Sophie Menter (29 July 1846 – 23 February 1918) was a German pianist and composer who became the favorite female student of Franz Liszt. She was called l'incarnation de Liszt in Paris because of her robust, electrifying playing style and was considered one of the greatest piano virtuosos of her time. She died at Stockdorf, near Munich.
Sophie Menter was born in Munich, the daughter of cellist Josef Menter and singer Wilhelmine Menter (née Diepold). She studied piano with Siegmund Lebert and later Friedrich Niest. At 15, she played Carl Maria von Weber's Konzertstück for piano and orchestra with Franz Lachner conducting.
Her first concert appearances took her to Stuttgart, Frankfurt and Switzerland, and in 1867 she became acclaimed for her interpretation of Liszt's piano music at the Leipzig Gewandhaus. In Berlin, Menter became acquainted with the famous pianist Carl Tausig; she became a pupil of Liszt in 1869 after studying with Tausig and Hans von Bülow.
While studying in Berlin in 1870, American pianist Amy Fay was impressed by Menter, who she described as “becoming very celebrated and who plays superbly.” "I envied her dreadfully," write Fay in Music Study in Germany. "She plays everything by heart, and has a beautiful conception. She gave her concert entirely alone, except that someone sang a few songs, and at the end [Karl] Tausig played a duet for two pianos with her, in which he took the second piano."
Between 1872 and 1886 she was married to cellist David Popper, with whom she had a daughter named Celeste. In 1881 she first appeared in England and was awarded honorary membership of the Royal Philharmonic Society two years later. In 1883 she became professor of piano at the Saint Petersburg Conservatory but left in 1886 to continue concertizing.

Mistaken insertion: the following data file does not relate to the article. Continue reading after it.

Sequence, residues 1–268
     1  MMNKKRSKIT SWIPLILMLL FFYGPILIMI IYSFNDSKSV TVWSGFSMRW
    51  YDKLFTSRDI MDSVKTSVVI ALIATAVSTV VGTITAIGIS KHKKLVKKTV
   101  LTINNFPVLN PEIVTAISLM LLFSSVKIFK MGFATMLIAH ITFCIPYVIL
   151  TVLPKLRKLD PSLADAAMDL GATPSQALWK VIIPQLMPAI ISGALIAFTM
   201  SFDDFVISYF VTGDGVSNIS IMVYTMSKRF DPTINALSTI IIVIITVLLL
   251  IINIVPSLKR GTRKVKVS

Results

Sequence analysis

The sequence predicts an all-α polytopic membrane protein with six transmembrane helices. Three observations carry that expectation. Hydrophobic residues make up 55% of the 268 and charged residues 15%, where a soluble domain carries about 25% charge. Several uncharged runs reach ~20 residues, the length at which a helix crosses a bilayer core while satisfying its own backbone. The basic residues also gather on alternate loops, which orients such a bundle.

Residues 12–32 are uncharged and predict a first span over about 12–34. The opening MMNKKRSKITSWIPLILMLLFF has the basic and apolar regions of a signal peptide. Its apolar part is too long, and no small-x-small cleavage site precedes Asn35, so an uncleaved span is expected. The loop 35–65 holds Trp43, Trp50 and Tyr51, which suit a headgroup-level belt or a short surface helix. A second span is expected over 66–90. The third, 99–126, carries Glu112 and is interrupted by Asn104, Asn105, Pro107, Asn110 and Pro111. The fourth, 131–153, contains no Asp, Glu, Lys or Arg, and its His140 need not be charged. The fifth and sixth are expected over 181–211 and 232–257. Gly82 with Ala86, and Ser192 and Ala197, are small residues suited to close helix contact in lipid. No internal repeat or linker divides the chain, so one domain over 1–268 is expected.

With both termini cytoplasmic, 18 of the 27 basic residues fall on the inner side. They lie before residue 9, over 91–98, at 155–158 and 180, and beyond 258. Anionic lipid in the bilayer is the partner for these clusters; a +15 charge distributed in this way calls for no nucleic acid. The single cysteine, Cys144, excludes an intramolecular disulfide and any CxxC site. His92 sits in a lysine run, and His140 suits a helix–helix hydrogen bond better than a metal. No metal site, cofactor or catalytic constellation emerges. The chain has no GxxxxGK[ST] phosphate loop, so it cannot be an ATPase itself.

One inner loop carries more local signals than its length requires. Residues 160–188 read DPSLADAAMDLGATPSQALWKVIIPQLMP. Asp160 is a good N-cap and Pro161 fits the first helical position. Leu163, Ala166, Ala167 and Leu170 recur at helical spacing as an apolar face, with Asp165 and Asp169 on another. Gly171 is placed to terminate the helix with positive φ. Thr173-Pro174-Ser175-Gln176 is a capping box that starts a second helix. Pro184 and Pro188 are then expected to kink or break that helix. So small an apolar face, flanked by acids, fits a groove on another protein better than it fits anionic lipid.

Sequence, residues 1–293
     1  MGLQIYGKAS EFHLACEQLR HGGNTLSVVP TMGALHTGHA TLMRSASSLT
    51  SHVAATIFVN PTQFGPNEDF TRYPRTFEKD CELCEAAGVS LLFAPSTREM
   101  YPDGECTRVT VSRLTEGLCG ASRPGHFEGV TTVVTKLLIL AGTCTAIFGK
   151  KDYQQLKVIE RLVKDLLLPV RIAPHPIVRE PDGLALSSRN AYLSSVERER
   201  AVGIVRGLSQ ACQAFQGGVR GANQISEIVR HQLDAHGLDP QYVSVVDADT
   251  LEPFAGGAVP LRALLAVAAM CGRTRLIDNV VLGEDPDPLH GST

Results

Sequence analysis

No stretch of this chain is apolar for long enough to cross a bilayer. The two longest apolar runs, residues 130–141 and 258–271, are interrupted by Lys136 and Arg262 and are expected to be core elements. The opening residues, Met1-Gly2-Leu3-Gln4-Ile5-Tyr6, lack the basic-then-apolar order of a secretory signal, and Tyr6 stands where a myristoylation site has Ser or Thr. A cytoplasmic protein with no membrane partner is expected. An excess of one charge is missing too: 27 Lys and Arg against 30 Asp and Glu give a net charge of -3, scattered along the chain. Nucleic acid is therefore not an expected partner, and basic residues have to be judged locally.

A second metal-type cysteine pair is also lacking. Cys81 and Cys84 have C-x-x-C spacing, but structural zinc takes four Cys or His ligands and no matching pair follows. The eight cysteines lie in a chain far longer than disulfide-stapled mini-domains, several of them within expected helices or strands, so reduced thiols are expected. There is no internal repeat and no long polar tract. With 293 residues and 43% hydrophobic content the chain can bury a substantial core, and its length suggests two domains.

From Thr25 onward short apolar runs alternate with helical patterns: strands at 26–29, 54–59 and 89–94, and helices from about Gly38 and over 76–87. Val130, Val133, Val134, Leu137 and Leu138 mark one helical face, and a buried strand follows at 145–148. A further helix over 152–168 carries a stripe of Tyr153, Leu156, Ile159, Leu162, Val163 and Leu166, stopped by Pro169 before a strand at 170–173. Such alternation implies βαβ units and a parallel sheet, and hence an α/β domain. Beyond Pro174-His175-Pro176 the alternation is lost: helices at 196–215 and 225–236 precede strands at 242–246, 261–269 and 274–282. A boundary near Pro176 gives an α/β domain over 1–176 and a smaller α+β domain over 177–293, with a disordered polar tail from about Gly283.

Because of her popularity, Menter succeeded with music that no other pianist would touch. This included Liszt's First Piano Concerto, which she played in Vienna in 1869, 12 years after its disastrous premiere there. One of her recital specialties was a piece entitled Rhapsodies. This was a composite of three of Liszt's Hungarian Rhapsodies—Nos. 2, 6 and 12—along with fragments from several others. She also composed various pieces for piano, mainly in a brilliant style, yet referred to her own compositional talent as "miserable."
Liszt described Menter as "my only piano daughter"; he proclaimed that "No woman can touch her" and especially admired her "singing hand." Critic Walter Nieman described her style as "a blend of virtuosity and elegance; a great, round and full Lisztian kind of tone; fiery temperament; a masculine weight on the keys; plasticity; a through-and-through distinguished craft of shape and form; in which soul, spirit and technique are fused in harmony and union."
George Bernard Shaw, who heard Menter in 1890, wrote that she "produces an effect of magnificence which leaves Paderewski far behind ... Mme Menter seems to play with splendid swiftness, yet she never plays faster than the ear can follow, as many players can and do; and it is the distinctness of attack and intention given to each note that makes her execution so irrestibly impetuous."
Pyotr Ilyich Tchaikovsky was also well acquainted with Menter, dedicating the full score of his Concert Fantasia to her (although the earlier piano arrangement is inscribed to Anna Yesipova). While staying with her in Austria in September 1892, he scored her Ungarische Zigeunerweisen (Concerto in the Hungarian Style) for piano and orchestra; he also conducted the work at its premiere in Odessa four months later.
- Schonberg, 262.
- Rieger, 326.
- Fay, Amy (1886). Music Study in Germany (9th ed.). Chicago: A. C.McClurg & Company. p. 112.
- Schonberg, 262–3.
- As quoted in Rieger, 326.
- As quoted in Schonberg, 262.
- Tchaikovsky Research. "Sophie Menter". Tchaikovsky Research. Retrieved 15 June 2015.
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